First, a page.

Elizabeth Bennet: Queen of the Regency Heroines

Pride and Prejudice
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Jane Austen‘s life spanned two revolutions (the American and French) as well as Napoleon’s rise to power.  In the romance trade, this era was known as the Regency period.  It was a time of upheaval and uncertainty for the British Empire but when you read Austen’s work, it’s as though she was ignorant of the world beyond her tight little circle. In her novels, she created small, intimate communities where she simultaneously satirized and embraced the hypocrisy of her time, namely the audacity of an entitled, landed gentry who sneered at the merchant class, never bothering to ask or understand where the money came from to pay for their extravagant lifestyles.  In that narrowly prescribed sphere, Austen’s driving theme focused exclusively on the trials and tribulations of young women in their quest to secure a suitable mate.  For that was the sole measure of success for any young woman – the quality of the husband she caught.   

Of all the Austen heroines, who snagged the best man?  Elizabeth Bennet in Pride and Prejudice.  According to the values of the Regency period, the more aristocratic, the more haughty and arrogant, the more desirable the man. Without a doubt, Darcy was the crème de la crème.  He was the wealthiest of the bunch.  Both his parents were dead and therefore couldn’t harass Elizabeth after the marriage, as you just knew Edward’s mother would do to Elinor in the post-wedding world of Sense and Sensibility.  Emma spent more time with Frank Churchill who turned out to be a foil hero with the real husband material, Knightley, relegated to the background for much of the story.  Edmund in Mansfield Park was a sap, easily entrapped by the villainess, Mary Crawford.  Captain Wentworth in Persuasion showed his disloyalty towards Anne when he had a fling with Louisa.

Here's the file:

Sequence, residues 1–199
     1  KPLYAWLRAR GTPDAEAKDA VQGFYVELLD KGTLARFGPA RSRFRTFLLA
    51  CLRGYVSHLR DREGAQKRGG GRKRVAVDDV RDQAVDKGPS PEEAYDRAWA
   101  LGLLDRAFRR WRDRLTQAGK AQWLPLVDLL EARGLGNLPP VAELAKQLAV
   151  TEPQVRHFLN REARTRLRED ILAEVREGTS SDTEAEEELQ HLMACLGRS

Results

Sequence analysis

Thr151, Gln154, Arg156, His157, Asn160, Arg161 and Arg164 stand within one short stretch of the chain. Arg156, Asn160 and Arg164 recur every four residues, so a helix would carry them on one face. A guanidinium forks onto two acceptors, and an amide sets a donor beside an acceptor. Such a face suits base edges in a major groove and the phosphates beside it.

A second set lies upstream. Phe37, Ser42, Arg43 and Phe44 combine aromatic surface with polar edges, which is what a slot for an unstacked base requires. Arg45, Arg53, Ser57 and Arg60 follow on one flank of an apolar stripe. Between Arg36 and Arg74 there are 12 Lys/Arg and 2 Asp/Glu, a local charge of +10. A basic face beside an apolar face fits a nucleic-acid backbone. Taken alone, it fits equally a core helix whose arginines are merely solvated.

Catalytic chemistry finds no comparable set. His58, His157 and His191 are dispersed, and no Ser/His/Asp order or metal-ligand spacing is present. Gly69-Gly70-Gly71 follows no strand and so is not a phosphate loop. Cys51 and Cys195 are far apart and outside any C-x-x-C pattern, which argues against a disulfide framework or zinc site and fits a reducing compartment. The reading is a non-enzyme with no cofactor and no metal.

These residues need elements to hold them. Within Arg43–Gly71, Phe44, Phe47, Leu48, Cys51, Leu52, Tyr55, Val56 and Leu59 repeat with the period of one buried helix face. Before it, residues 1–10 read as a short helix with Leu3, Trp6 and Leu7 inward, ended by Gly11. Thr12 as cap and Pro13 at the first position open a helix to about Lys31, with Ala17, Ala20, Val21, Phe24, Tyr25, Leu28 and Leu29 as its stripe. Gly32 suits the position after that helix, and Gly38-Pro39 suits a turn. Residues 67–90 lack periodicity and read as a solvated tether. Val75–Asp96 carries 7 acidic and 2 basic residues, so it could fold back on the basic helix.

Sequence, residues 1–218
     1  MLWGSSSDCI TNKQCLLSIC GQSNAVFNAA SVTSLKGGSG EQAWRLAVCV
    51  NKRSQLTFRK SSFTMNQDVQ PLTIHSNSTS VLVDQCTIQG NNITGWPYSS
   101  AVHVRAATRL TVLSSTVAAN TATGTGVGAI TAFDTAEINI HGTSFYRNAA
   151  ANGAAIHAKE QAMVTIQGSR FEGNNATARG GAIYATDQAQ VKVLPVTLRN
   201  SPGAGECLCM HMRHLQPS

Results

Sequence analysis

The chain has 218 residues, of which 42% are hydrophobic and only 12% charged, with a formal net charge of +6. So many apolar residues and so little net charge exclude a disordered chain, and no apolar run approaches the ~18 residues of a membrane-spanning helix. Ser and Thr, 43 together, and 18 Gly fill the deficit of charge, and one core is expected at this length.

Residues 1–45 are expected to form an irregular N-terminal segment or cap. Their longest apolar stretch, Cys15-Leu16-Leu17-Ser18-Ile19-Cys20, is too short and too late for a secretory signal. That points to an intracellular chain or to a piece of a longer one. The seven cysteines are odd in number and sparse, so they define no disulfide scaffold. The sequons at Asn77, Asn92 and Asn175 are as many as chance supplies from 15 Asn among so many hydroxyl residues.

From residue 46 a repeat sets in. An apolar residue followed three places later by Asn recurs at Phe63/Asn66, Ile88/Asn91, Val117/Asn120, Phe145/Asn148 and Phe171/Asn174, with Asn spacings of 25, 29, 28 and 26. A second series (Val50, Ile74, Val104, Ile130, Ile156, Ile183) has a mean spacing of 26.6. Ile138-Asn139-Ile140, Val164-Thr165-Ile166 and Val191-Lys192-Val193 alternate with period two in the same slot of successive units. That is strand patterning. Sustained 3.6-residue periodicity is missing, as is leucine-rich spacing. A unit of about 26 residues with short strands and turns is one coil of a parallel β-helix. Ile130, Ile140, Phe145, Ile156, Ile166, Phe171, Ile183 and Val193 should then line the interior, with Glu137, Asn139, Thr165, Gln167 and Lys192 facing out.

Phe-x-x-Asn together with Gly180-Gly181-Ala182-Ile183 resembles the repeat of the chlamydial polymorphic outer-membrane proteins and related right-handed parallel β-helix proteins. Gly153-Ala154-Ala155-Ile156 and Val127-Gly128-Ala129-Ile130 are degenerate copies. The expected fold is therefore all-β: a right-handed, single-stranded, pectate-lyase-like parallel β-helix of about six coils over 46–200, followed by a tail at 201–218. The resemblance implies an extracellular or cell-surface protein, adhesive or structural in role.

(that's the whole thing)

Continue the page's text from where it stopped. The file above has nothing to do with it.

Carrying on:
Darcy’s character was crafted with the same technique used for Elizabeth – all his supposed flaws were transformed to virtues by end of the novel.  His awkward arrogance was a masque for intelligence and depth of character.  Colin Firth perfected the look of cool reserve hiding a deep, painfully felt passion beneath. No wonder he was Darcy in Pride and Prejudice and the modern day Prince Charming in Bridget Jones Diary

The other required male archetype of romance novels, the father, was best in Pride and Prejudice, too.  Mr. Bennet may have been a weakling, but at least he wasn’t senile like Emma’s father, or died leaving his wife and daughters nearly destitute as in Sense and Sensibility.  It’s a toss-up for the bottom spot, whether it goes to the pretentious, ignorant snob Sir Elliot of Persuasion or the drunken derelict of Mansfield Park who was rarely seen.

Another element that sets Elizabeth Bennet apart from her peers was the interplay with Darcy.  There’s the famous scene when he first proposes marriage to Elizabeth on the grounds that he’s lowered himself to accept her as the object of his desire.  Naturally, she spurns him, pointing out the insult in his proposal.   However, there was an earlier tête à tête where the relationship actually began. In front of Darcy’s friend, Bingley, they each offered a psychological assessment of Bingley’s personality.  The exchange became a sport with the words flying over Bingley’s head, and took on the intimate tone of intellectual sparring.  Their discourse generated sexual tension without the heroine losing her reputation, unlike Marianne Dashwood in Sense and Sensibility.  It made Elizabeth appear smart, lively and independent compared to the others. Emma comes off as conceited and snobbish. Elinor Dashwood was staid and practical, the polar opposite of her sister, the overly emotional and melodramatic Marianne. Anne Elliot was the repressed old maid and Fanny Price was mostly an empty vessel. 

There was lightness to Elizabeth’s character.  She foresaw her sister’s disgrace, and by association, the whole family’s loss of social standing.  Nevertheless, Elizabeth’s attitude didn’t carry the weight of the indiscretion. She was resigned to not finding a husband, but not defeated by it, avoiding the more morose perspective that overshadows Sense and Sensibility.  Elizabeth Bennet managed to rise above the fray at every turn, and by hooking up with Darcy, she redeemed the family’s reputation and fortune. 

It doesn’t get any better than that.

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